Hot In My Backyard

Tuesday, July 2, 2013

Whether or not you are in the habit of listening to podcasts, a recent episode of the popular National Public Radio show, This American Life, is worth your time. Aired on May 17, 2013, the episode, entitled Hot In My Backyard, spends an hour exploring why climate change is not taken more seriously in policy-making and by the public. Although the show focuses on the American context, most of the explanations pertain to Canada as well. The first part of the three-part show follows Colorado’s State Climatologist, Nolan Doesken, as he discusses weather trends with one-on-one with local farmers and in public lectures. The reporter who follows him is extremely surprised that he only uses the term ‘climate change’ when pressed. His reasoning? In a country where just over half of the population believes that climate change is real and caused by humans, using the phrase ‘climate change’ is alienating and counter-productive. Doesken prefers to discuss weather trends and let the evidence speak for itself.</p>

The second part of the show discusses the Republican Party’s point of view on climate change, which essentially amounts to complete denial that climate change exists. However it becomes clear during this segment that far more Republicans believe in climate change than might be expected; however they don’t speak up for fear of committing political suicide. This is evidenced by the experience of former Republican Congressman, Bob Inglis, who suffered a terrible defeat in the 2010 election after he spoke out in support of climate science. Since then, Inglis has dedicated his career to convincing Republicans that climate science is sound: a difficult task.</p>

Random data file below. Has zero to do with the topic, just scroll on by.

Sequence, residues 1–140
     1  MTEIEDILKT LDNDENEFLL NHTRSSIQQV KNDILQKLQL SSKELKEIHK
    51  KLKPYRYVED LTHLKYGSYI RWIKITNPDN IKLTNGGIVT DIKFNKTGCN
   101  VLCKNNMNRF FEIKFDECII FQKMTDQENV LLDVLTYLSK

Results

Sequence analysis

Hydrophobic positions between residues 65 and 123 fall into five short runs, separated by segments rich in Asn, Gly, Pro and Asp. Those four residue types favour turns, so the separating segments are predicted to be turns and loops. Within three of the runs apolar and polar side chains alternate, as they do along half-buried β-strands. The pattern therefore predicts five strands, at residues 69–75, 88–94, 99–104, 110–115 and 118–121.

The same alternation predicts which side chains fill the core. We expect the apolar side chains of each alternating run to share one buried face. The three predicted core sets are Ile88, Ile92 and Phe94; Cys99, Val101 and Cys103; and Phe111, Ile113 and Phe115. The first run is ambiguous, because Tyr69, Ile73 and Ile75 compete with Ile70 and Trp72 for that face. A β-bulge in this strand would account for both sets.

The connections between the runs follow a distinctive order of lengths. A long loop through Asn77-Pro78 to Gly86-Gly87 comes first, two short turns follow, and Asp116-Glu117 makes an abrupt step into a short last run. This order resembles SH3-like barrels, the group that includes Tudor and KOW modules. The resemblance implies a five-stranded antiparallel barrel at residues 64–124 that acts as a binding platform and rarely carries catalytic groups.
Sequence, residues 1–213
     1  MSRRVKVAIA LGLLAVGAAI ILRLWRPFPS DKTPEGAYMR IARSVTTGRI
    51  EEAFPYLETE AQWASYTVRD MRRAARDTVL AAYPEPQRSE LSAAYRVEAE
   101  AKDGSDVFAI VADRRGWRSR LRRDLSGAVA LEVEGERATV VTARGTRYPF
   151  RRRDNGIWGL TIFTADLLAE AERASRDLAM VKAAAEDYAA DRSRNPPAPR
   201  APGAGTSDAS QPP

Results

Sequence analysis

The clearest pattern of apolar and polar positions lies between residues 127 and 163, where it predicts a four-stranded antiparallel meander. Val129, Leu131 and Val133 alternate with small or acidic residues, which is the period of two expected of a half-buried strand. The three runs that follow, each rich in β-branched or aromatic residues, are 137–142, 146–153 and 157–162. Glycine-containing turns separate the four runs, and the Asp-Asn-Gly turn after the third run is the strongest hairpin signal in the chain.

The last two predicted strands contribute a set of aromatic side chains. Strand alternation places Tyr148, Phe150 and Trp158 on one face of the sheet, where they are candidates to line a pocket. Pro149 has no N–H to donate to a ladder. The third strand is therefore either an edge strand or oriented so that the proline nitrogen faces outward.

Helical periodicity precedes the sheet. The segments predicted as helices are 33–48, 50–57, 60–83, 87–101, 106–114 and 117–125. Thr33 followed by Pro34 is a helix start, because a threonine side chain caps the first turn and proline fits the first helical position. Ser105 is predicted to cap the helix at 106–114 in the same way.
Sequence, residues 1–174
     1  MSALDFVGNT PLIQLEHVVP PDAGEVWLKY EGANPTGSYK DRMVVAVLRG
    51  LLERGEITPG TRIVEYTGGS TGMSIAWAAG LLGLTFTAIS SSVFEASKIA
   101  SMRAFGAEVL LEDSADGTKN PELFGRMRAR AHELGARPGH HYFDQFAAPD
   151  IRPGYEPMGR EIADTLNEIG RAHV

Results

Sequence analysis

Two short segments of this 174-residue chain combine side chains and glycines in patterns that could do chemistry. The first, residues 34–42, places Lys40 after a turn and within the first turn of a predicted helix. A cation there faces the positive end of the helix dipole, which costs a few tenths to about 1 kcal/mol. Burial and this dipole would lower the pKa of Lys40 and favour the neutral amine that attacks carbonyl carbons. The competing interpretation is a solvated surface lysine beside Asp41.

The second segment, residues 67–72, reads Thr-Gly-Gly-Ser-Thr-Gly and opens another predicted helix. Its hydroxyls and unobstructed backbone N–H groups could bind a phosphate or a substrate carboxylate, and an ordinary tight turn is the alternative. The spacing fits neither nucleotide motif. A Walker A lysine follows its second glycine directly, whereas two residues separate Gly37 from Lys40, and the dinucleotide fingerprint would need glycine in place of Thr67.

Finally, the third segment of the episode features well-known environmental writer and activist, Bill McKibben. McKibben has come to the conclusion that unlike the anti-apartheid and anti-slavery movements, climate change lacks a true enemy against which people can rally to defeat. He has decided to make oil and gas companies into that enemy. The first step of this goal is to build a strong student movement to pressure universities to cancel their oil and gas investments. While this cause is being taken up on campuses across the U.S., universities are reluctant to commit.